If It’s So Risky, Why do People Drink Alcohol?
Alcohol has long been a regular part of most societies in the world. According to the Center for Behavioral Health Statistics and Quality, early 90 percent of adults in the United States report that they drank alcohol at some point in their lifetime, and more than half report drinking in the last month. In addition to its presence at social gatherings and celebrations, the ease of access & legal status of alcohol also make it a readily available coping mechanism to calm the mind, numb pain, and keep from dwelling on negative events. These social norms can make it difficult for someone who struggles to control their drinking to know how to stop. It also makes it harder to know the difference between relatively harmless drinking and harmful alcohol abuse.
How do I Know if I Suffrer from ETOH Abuse?
How much alcohol affects someone can vary greatly, depending on a variety of personal factors such as weight, age, & genetics. Additionally, the medications a person is taking at the time, the presence & amount of food consumed before, during, or after alcohol & the rate of drinking are all situational factors that can make a difference.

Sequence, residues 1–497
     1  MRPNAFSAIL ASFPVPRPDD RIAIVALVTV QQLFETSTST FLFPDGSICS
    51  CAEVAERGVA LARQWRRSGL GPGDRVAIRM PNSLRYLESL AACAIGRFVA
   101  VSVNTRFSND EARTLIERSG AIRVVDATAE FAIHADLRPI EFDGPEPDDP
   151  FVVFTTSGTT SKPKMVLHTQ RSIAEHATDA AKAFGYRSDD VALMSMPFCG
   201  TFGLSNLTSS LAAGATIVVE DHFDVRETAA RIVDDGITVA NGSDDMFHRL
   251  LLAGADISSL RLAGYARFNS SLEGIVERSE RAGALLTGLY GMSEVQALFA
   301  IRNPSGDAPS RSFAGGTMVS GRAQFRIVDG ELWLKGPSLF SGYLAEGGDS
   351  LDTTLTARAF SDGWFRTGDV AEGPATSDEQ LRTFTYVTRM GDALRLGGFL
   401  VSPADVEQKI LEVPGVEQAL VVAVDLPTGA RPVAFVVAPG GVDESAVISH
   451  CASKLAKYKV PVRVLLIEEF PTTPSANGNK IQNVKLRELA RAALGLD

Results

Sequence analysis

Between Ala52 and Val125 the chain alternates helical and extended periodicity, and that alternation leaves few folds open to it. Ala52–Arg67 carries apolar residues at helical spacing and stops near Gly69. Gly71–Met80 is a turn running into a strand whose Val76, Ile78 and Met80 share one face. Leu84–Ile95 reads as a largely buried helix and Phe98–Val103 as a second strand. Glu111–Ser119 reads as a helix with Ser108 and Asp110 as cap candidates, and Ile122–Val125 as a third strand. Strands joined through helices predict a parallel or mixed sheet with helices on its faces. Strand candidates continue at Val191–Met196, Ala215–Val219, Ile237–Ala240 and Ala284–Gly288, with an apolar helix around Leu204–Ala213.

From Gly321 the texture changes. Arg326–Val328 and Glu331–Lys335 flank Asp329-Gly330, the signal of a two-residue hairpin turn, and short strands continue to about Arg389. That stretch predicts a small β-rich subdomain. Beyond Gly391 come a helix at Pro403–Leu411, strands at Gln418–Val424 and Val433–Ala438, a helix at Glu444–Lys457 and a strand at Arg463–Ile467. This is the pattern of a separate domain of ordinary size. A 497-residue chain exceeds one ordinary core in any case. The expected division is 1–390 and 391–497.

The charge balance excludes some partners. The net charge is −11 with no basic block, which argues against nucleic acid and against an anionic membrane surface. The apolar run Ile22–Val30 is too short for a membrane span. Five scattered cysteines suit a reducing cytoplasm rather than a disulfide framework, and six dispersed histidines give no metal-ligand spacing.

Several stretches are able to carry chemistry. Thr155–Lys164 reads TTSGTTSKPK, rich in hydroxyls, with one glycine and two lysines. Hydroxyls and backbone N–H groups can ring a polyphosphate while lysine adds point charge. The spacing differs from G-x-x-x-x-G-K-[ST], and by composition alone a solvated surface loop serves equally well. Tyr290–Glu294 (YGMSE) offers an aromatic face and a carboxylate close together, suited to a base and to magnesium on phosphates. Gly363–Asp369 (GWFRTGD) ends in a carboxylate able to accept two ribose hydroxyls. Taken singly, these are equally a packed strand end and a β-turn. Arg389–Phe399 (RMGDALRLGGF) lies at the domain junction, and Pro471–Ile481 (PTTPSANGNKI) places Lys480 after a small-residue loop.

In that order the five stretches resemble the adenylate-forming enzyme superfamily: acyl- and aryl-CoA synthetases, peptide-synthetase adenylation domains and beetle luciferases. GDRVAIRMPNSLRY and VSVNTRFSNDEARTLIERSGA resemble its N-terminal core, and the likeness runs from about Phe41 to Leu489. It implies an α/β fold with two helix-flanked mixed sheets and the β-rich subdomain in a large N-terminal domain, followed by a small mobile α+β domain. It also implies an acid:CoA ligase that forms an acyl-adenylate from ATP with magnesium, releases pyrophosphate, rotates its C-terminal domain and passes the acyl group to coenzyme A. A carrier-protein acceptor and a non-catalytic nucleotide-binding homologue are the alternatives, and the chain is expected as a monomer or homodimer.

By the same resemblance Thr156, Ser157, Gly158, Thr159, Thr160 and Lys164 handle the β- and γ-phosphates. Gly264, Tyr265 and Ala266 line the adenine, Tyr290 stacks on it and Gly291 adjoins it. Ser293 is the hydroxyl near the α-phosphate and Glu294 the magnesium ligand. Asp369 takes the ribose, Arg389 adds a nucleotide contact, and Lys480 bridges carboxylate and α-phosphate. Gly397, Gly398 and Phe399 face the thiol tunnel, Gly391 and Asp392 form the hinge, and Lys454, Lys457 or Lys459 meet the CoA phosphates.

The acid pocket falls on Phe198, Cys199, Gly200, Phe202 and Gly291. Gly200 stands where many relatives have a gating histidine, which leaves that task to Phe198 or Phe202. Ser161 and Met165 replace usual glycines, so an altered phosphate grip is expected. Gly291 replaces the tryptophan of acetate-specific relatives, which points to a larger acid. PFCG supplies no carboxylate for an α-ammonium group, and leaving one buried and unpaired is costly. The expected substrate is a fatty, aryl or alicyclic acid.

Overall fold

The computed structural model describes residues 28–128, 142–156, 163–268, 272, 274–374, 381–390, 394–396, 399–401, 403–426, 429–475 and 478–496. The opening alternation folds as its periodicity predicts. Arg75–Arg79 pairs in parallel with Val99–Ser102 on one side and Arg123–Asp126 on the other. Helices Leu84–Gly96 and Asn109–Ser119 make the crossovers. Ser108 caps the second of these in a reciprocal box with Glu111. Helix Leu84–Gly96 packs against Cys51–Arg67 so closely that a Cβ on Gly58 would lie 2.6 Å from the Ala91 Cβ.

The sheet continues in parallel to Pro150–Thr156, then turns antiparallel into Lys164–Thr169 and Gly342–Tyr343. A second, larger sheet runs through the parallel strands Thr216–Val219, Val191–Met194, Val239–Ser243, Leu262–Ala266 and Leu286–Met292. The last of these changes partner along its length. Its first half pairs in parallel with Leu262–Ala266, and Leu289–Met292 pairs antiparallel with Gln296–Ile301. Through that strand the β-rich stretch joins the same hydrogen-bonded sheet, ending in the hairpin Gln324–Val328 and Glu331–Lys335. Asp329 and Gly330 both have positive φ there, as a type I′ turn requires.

Signs of a Drinking Problem
While the lines blur between moderation and overuse, below are some questions you can ask to evaluate whether you or a loved one exhibits signs of AUD:
- Do you experience feelings of guilt before, during, or after consuming alcohol?
- Do you make attempts to hide, “down-play” or lie about how many drinks you have or how often they are consumed?
- Have you developed a high tolerance for alcohol? I.e. does it take larger amounts or higher concentrations to feel the effects?
- Do you find that you have to drink alcohol regularly to avoid suffering from withdrawal symptoms? (see list above)
- Would you or your friends say you use alcohol to cope with certain emotions?
- Do you or your friends find that you black out often?
- Once you’ve started drinking, do you have a hard time stopping?
- Do you drink in situations where it’s dangerous to do so (e.g. before driving)?
- Could you or your family/friends recall you getting into situations while or after drinking that increased your chances of getting hurt on more than one occasion (such as driving, swimming, using machinery, walking in a dangerous area, or having unsafe sex)?
- Would you or your family members say that drinking—or being sick from drinking—often interferes with taking care of your home or family? Or caused job troubles? Or school problems?
- Have you tried cutting back on drinking (in amount or frequency) & find that you can’t?
Any of these symptoms may be a cause for concern. The more symptoms one has, the more urgent the need for change.
What Resources Are Available for Help?
Compared to other addictive substances, alcohol’s legality & common social use make it difficult to detect the transition from abuse to dependence to addiction. The stigma of addiction increases the difficulty for AUD sufferers to seek help.